Baidu Bets It’s Got the Upper Hand in Chinese Self-Driving RaceChristina Larson
Chinese search leader has built expertise in AI and mapping
Baidu now needs to delve into new areas as growth tapers off
Baidu Inc. expects to have the edge in autonomous driving after years of running China’s largest search engine armed it with expertise in machine learning and mapping.
The internet giant is sticking to a plan to have self-driving cars ply China’s roads by 2018, then mass production by 2020. The company will focus on its home market despite road conditions there being much more complex than in developed countries, Chief Financial Officer Jennifer Li told the Bloomberg Markets Most Influential Summit in Hong Kong.
Baidu is banking on artificial intelligence and automobiles to provide much-needed engines for growth as its search business decelerates. This year, it’s expected to post its slowest pace of revenue growth since going public, as Tencent Holdings Ltd. and Alibaba Group Holding Ltd. draw advertisers away. Baidu however hasn’t outlined a business plan for AI.
“AI, it’s a technology. And technology itself, until you put it into real applications, into real businesses where it can really transform industries, it’s not really of real business value,” Li said during an onstage interview. But she predicted “many new business opportunities are going to come out of these core competencies.”
Like Google Inc., Baidu believes it has advantages in AI that can be used to develop driver-less technology, such as internet services that adapt to each user and computers that think and respond like humans. The Chinese company has won approval to test its self-driving technology in California, becoming the 15th company to get permission. And it’s also partnered with chip-maker Nvidia Corp. to develop the necessary technology.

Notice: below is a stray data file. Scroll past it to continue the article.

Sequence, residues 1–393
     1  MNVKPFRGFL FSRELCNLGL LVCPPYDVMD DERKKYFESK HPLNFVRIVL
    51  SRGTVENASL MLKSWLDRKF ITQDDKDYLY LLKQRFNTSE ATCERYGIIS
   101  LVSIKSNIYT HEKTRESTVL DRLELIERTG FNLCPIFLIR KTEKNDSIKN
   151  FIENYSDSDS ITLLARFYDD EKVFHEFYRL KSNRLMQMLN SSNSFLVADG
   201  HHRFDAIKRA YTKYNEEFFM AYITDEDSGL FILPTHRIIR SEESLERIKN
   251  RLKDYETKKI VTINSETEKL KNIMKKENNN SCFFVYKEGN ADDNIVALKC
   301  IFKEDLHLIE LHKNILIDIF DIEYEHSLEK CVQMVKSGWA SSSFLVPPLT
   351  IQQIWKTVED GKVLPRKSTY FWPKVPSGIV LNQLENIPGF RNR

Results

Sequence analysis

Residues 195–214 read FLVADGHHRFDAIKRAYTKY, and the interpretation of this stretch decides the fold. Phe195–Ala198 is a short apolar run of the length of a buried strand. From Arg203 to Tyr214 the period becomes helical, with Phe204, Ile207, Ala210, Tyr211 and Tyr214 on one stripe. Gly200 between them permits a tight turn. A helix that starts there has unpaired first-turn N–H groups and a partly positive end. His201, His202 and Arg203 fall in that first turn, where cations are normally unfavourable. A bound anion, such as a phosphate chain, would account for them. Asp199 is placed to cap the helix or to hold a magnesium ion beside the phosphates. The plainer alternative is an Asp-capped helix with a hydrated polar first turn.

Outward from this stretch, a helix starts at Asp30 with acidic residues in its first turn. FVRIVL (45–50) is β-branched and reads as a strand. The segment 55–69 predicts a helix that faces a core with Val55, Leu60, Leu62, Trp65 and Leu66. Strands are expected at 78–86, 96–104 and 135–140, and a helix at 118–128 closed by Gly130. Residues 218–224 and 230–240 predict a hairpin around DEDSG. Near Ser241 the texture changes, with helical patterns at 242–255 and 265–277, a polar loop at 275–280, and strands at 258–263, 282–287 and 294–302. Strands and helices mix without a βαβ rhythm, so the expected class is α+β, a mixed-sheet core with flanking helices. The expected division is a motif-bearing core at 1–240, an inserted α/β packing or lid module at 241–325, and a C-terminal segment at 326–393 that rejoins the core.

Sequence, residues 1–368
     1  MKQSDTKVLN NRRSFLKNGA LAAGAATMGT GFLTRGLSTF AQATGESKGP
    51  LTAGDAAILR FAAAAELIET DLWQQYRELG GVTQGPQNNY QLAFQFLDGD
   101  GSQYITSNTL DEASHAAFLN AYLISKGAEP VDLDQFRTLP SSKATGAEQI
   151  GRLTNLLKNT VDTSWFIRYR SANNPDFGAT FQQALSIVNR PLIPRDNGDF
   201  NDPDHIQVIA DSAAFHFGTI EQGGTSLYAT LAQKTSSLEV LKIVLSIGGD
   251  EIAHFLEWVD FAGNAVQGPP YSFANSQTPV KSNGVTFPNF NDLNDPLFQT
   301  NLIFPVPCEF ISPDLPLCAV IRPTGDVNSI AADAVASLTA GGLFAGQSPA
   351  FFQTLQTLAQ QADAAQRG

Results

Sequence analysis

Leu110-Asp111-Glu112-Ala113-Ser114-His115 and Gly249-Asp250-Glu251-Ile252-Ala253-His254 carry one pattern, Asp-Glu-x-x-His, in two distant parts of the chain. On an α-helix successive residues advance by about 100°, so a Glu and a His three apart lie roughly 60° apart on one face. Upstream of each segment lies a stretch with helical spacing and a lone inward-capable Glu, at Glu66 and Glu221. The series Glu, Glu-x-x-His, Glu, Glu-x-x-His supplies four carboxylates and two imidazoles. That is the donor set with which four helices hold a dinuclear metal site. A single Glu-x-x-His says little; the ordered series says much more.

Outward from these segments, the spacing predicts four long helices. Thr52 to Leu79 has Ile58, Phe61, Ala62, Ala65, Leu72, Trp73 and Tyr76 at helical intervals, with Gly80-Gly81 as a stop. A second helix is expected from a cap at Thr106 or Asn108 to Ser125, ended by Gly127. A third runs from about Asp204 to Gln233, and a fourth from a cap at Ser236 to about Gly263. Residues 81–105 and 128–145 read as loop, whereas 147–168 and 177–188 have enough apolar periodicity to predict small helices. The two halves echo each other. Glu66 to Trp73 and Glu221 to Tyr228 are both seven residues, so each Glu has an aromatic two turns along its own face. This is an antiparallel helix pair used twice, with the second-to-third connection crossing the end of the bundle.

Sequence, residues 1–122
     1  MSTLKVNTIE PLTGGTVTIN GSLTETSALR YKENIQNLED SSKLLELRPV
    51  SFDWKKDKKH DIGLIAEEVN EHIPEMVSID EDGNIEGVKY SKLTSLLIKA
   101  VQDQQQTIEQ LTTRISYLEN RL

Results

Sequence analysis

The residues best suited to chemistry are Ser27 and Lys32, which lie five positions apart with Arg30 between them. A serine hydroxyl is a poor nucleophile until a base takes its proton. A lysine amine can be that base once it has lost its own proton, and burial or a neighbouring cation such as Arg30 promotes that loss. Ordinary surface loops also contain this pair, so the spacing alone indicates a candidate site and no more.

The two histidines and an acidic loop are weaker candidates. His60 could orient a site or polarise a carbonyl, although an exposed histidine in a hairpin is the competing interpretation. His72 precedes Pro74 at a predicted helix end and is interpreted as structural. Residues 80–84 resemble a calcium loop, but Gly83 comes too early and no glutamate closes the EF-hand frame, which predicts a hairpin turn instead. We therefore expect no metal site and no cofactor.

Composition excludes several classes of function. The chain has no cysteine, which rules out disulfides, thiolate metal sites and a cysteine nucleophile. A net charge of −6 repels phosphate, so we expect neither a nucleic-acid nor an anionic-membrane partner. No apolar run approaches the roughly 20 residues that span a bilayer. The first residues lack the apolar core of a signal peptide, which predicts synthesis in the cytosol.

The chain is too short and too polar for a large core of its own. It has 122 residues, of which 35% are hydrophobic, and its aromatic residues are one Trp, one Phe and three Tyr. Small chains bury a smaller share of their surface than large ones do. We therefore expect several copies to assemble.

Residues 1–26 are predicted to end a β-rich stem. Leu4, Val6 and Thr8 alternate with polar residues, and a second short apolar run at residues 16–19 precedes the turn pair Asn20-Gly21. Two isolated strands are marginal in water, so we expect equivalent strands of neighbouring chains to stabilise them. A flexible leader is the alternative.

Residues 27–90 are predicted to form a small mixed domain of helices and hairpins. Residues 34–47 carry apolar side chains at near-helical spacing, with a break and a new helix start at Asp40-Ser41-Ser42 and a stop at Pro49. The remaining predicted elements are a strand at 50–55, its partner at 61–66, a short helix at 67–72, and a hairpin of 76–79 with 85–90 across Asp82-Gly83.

Delving into new areas will be key as its advertising machine peters out. Research firm eMarketer last week predicted Baidu would fall behind Alibaba in terms of ad revenue this year, thanks in part to a series of well-publicised scandals and increased government regulations.
In July, the company warned investors that restrictions on internet advertising will hurt revenue growth for the next two to three quarters, and it forecast lower-than-expected sales of 18.04 billion ($2.7 billion) to 18.58 billion yuan in the third quarter. That came as the government implemented rules to limit the number of ads that can be displayed on each page. Baidu is also expecting slower customer growth as it re-checks the credentials of advertisers to ensure their businesses are legitimate.